From fresh start to humble beginnings
For an institution that opened its doors less than a decade ago, the University of Mpumalanga (UMP) has set itself quite a lofty goal — to be a continental leader in knowledge generation and dissemination, and a university that creates opportunities for sustainable development through innovation. Professor Thoko Mayekiso, Vice-Chancellor of the University of Mpumalanga, says that despite this high bar, UMP is not just reaching this target — it’s overshooting it!
In September this year, the university was awarded the National Research Foundation (NRF) Excelleration Award — an accolade in recognition of an institution for achieving and maintaining the most improved research performance over recent years. “The award looks at research publications, research funding, scholarships for Honours, Masters and Doctoral students, the number of staff with NRF ratings and the percentage of academic staff with Doctoral degrees,” Mayekiso explains. “This truly is an acknowledgement of the strides we’ve made as a new institution to embed a culture of research in what we do, and create an environment that is conducive to academic and research excellence.”
The importance of research underscores the university’s mission, she says. After all, research and innovation go hand in hand.
Perhaps institutional youth is a blessing, rather than a curse: the world is changing fast, and many established universities have struggled to adapt to the pace, weighed down by their history and inherited systems. UMP, however, had the opportunity to start fresh. “As the university’s first and founding vice-chancellor, it is exciting to be part of the pioneering journey — ‘uhambo lwemhlahlandlela’ — and thereby contribute to the institutional building blocks that will be the foundation for what is accomplished here for many generations to come.”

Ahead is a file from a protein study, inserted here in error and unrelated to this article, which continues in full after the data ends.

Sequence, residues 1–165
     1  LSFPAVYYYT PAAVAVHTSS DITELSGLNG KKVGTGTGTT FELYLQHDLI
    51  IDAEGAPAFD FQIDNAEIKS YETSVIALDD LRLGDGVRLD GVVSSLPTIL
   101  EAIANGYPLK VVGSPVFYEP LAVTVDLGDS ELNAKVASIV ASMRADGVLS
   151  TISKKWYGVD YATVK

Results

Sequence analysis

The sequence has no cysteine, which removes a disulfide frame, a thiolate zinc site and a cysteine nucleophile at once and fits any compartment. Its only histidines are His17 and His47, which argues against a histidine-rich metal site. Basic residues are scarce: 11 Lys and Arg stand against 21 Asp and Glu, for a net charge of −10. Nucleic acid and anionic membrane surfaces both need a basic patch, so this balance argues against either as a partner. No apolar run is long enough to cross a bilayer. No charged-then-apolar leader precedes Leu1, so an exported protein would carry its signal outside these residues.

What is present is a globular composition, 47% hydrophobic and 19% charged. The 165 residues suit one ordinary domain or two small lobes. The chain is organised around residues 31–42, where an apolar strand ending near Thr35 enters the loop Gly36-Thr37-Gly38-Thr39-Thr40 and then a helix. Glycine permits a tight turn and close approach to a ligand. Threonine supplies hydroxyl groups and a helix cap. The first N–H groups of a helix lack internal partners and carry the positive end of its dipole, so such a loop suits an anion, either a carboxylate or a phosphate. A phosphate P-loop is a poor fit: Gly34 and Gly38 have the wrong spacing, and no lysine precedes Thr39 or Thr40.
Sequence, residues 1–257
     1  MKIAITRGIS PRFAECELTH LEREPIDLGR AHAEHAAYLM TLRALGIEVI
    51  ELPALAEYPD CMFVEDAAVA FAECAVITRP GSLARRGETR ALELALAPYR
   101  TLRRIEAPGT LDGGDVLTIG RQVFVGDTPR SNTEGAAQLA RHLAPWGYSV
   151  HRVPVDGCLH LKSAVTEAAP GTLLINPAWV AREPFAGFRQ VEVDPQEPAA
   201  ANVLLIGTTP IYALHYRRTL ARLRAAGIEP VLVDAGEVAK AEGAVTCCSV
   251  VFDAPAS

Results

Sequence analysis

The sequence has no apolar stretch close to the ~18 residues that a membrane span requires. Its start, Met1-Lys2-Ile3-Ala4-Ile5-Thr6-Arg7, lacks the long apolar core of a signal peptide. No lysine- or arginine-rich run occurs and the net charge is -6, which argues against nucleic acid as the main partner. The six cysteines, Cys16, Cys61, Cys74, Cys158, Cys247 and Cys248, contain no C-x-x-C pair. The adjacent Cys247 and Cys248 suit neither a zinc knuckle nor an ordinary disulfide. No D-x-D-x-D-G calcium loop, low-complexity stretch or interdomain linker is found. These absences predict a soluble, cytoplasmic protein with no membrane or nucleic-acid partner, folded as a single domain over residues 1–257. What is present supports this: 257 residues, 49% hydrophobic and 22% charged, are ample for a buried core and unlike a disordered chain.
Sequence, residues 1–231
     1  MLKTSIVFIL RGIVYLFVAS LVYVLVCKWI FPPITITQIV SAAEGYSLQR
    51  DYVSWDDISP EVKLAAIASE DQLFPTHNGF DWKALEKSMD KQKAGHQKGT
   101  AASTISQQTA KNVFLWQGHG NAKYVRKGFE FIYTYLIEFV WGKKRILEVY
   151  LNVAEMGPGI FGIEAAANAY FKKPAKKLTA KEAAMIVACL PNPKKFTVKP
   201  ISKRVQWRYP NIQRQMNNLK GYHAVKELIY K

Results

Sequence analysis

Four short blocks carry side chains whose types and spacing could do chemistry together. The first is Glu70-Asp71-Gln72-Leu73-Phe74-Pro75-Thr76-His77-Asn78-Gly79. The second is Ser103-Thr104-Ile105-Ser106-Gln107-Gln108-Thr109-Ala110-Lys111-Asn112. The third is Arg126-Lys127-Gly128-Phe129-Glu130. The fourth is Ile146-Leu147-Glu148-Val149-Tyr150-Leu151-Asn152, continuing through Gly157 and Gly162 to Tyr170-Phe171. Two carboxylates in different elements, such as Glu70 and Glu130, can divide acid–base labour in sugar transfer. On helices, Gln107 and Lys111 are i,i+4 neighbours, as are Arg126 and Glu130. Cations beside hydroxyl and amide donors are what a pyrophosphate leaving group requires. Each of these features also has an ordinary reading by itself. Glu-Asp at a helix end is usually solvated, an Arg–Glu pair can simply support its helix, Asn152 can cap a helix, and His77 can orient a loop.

From fresh starts and humble beginnings
From its initial 2014 intake of 168 students enrolled in just three programmes — a Bachelor of Education degree, a Bachelor of Agriculture degree and a Diploma in ICT — Mayikeso says it has been exciting to see how the institution has expanded: “We currently have 7 100 enrolled students and offer 64 qualifications, ranging from higher certificates to doctoral degrees!”
With Mayekiso at the helm, the success of UMP should not come as a surprise. Born in the Eastern Cape in Lusikisiki, the internationally-renowned psychologist, academic and researcher has come a long way since those early days in a town named after the sound of reeds rustling in the wind. A deep desire to understand human behaviour inspired her to study psychology, but her search for understanding did not end after she graduated with a Masters in Clinical Psychology from Fort Hare University; she went on to complete her DPhil in Psychology at the Free University Berlin in Germany.